Still, it’s difficult to laugh too hard at the film, even at its wildest moments of mismatched tonality. Cole and Burns’ enterprise is explicitly tied to the business of “helping the homeless,” set in a city whose homeless population was (and is) one of the largest in the nation. There is something uniquely chilling about how earnestly Cole initially seems to be trying to help Mason, talking him out of committing suicide only to leeringly wave a Glock in his face when he awakes on the morning of the hunt. Throughout the film, Dickerson leans into nastier implications than any other Hollywood versions of Connell’s story, in many of which the hunters had nothing against their prey—or in fact, respected them. John C. McGinley’s character can hardly contain his hatred of Mason even before the game starts, stopping just short of a hissed slur: his daughter was killed by a man who looked like him, we’re told. F. Murray Abraham distills the general attitude toward Mason while talking his idiot son (dragged along on the trip in the interests of becoming a man) off an ethical ledge: “He’s a homeless piece of shit … he’s nothing, he’s less than nothing,” he rattles off matter-of-factly. At one point, Hauer’s character sneers about his time in third-world countries: “It’s a cliché that life was cheap there, but life was way beyond cheap.”
The convoluted construction of this last line seems to mirror the tone of the entire film: Yes, Surviving the Game is full of bizarre or hackneyed devices that underscore obvious points—the rich and the society they prop up do, in fact, exploit the poor and marginalized—but that doesn’t make the points less true. And the line itself, like much of the film, is awkward and redundant, but that is part of what makes it so memorable, to the point that it seems to be invested with a weird and singular sense of purpose.
In the forest, while running from the hunters and their ATVs, Ice’s character feels the purity of his primal essence—as Busey’s character puts it—by magically turning into a superhero-like fighter and genius war strategist. Smeared with mud—is it intended to be camouflage? Or has he just been rolling in that much muck?—his performance becomes half stunt double. But in the scenes Ice is definitively in, Dickerson puts a great deal of effort into humanizing his character, zooming in on his twitching thumb when he remembers the trauma of losing his wife and child, even forcing Ice—not exactly a Method actor—as far as possible toward tears. Even weirdly overplayed scenes like the one where Mason symbolically trims his dreads to the strains of smooth jazz—after Hauer’s character gives him money for a hotel room for one night—feel somehow poignant. At moments like this, Dickerson’s enthusiasm for his source material is infectious.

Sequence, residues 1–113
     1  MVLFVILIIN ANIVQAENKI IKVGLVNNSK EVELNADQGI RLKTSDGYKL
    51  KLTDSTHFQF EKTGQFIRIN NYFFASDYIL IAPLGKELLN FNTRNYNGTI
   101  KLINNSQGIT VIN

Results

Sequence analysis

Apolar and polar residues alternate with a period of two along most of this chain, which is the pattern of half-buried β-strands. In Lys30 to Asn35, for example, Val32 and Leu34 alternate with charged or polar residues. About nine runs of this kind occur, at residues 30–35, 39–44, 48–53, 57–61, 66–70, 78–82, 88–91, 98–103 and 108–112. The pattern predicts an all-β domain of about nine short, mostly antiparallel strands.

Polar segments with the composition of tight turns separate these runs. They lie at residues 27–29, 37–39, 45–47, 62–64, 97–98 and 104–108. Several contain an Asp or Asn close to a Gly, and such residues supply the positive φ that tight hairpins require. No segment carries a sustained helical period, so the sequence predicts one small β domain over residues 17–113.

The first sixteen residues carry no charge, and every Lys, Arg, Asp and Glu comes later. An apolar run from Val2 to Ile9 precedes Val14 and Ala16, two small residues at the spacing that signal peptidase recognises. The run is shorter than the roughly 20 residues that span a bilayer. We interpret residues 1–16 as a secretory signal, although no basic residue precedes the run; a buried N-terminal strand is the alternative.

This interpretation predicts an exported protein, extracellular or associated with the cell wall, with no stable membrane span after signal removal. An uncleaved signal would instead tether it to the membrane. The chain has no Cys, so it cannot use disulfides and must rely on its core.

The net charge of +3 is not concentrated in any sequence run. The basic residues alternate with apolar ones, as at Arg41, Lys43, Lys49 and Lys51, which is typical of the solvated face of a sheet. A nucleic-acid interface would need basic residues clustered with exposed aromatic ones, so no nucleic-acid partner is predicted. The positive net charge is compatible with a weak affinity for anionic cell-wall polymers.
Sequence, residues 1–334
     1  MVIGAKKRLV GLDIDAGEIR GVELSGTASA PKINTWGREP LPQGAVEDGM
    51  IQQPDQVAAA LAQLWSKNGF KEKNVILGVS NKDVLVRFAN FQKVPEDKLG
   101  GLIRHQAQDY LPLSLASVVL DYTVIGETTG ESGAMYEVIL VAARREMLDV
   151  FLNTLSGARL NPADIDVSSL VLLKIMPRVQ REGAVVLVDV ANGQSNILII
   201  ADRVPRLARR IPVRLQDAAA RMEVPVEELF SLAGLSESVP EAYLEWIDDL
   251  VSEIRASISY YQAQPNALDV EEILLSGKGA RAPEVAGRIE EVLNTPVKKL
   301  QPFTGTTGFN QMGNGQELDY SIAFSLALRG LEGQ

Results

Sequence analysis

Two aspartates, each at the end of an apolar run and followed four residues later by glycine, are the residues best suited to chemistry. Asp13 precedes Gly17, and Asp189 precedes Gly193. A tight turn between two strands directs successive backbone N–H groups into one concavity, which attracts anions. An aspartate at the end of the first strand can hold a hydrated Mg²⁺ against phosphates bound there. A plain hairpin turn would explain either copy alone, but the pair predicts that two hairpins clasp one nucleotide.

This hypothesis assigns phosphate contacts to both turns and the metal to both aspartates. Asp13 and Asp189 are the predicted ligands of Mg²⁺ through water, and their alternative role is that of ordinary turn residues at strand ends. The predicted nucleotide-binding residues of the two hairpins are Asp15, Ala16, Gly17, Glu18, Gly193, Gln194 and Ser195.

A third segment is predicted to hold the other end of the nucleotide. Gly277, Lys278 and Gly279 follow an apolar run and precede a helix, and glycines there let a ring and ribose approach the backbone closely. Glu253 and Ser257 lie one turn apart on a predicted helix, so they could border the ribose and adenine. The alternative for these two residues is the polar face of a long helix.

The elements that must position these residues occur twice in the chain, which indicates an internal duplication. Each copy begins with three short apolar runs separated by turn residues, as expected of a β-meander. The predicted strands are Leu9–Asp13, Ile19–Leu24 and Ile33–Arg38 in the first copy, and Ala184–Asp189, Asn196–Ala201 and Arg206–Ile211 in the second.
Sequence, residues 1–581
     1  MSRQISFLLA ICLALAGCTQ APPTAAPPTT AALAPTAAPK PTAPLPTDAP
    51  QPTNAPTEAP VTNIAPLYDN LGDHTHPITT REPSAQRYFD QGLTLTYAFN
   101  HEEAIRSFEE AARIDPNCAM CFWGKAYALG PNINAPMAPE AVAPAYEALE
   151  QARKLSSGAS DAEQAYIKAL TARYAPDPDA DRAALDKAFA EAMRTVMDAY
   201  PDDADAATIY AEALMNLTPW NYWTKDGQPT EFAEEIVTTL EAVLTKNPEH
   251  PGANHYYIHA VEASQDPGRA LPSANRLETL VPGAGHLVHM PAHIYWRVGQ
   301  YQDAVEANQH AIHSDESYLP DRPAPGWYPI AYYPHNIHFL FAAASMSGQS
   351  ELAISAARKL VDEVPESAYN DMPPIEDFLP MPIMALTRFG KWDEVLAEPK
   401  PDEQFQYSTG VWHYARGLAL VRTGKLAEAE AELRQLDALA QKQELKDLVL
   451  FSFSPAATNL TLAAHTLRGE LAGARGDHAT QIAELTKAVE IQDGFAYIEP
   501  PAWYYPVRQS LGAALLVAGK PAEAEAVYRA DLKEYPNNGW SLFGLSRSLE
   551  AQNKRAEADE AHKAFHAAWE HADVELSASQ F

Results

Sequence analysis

If it is also one of its most absurd, Surviving the Game stands as the most charged and subversive “The Most Dangerous Game” adaptation to date—that is, depending on how political you think The Pest is intended to be or if you could sit through (or have ever heard of) The Eliminator. Rather than exploiting fears of post-war phantoms, it made the 1990s American elite—specifically, a cross-section of privileged ur-bros defining the capitalist establishment—the villain. In Surviving the Game, the horror lives among us, as opposed to on a remote island or planet; the leader of the hunt (Hauer) does not have to retreat from public life to facilitate his vile schemes. Dickerson used a truly strange assortment of tools to try to construct a horror-thriller that doesn’t serve solely as pseudo-propaganda or a simple, Poe-like tale of terror. It’s not clear that either it or its spiritual successor The Hunt know exactly what they are trying to say, but Surviving the Game—including Ice-T’s hair and wardrobe coordinator, Gary Busey screaming likely improvised lines about the importance of staring pigs in the eyes while eating them, and the whole rest of the team—says it with a ton of heart.
Winston Cook-Wilson is a writer based in Brooklyn. His work has appeared in Pitchfork, Spin, Grantland, and The Guardian.